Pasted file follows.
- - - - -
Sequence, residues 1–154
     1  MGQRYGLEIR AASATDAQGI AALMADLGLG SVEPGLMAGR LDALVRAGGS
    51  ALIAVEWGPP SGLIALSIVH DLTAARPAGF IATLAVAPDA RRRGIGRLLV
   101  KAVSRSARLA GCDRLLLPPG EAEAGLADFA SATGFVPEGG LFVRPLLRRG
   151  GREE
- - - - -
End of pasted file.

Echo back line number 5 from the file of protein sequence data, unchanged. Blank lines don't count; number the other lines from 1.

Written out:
   151  GREE